AbbVie will co-develop and co-commercialize at least one and possibly more CytomX Probody™ Drug Conjugates against CD71, also known as transferrin receptor 1 (TfR1). The cancer therapy collaboration could generate up to $500 million for CytomX, the companies said today.
Probody therapeutics are designed to remain inactive until they are activated by proteases in the tumor microenvironment. As a result, according to CytomX, the therapeutics bind selectively to tumors and avoid binding to healthy tissue, thus minimizing toxicity and potentially create safer, more effective therapies.
The companies reported that CytomX has generated preclinical data showing that Probody drug conjugates can safely and effectively target tumor antigens, such as CD71, that are not addressable by conventional antibody-drug conjugates.
“We are encouraged by the promising preclinical data that CytomX has generated for their Probody drug conjugate programs to-date and look forward to working closely with their team,” Steve Davidsen, Ph.D., vp, oncology drug discovery for AbbVie. “This collaboration will enable us to expand our innovative pipeline in antibody drug conjugates and leverage our strength in that area to previously unexplored targets.”
CytomX will lead preclinical and early clinical development of the Probody drug conjugate to be developed against CD71. AbbVie will lead later development and commercialization, with the companies sharing global late-stage development costs.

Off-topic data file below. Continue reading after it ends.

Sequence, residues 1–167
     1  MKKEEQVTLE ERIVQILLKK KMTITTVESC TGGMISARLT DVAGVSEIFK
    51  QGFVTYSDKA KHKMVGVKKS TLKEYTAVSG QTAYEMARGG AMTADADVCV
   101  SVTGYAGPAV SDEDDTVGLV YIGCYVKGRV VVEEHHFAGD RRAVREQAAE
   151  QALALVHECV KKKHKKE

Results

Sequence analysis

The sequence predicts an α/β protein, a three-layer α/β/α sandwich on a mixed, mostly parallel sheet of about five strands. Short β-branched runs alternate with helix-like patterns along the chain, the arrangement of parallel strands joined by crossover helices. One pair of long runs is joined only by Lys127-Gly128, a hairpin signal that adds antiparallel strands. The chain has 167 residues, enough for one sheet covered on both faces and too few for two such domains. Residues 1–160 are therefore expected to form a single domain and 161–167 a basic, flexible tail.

AbbVie agreed to pay CytomX $30 million upfront, and up to $470 million in payments tied to achieving development, regulatory and commercial milestones. CytomX is also eligible to receive a share of U.S. profits, as well as tiered double-digit royalties on net product sales outside of the U.S.
CytomX also retains a co-promotion option in the U.S.
The deal also gives AbbVie exclusive worldwide rights to develop and commercialize Probody drug conjugates against up to two additional, undisclosed targets. Should AbbVie exercise those rights, CytomX could receive additional milestone and royalty payments per target on any resulting products, the companies said.
The collaboration with CytomX is AbbVie’s third cancer alliance announced in two days. Earlier today, the biopharma agreed to develop and commercialize argenx’s preclinical cancer immunotherapy ARGX-15 in an up-to-$685 million partnership.
Yesterday, AbbVie joined the University of Chicago in launching a collaboration intended to advance research in several areas of oncology—including, initially, breast, lung, prostate, colorectal, and hematological cancers.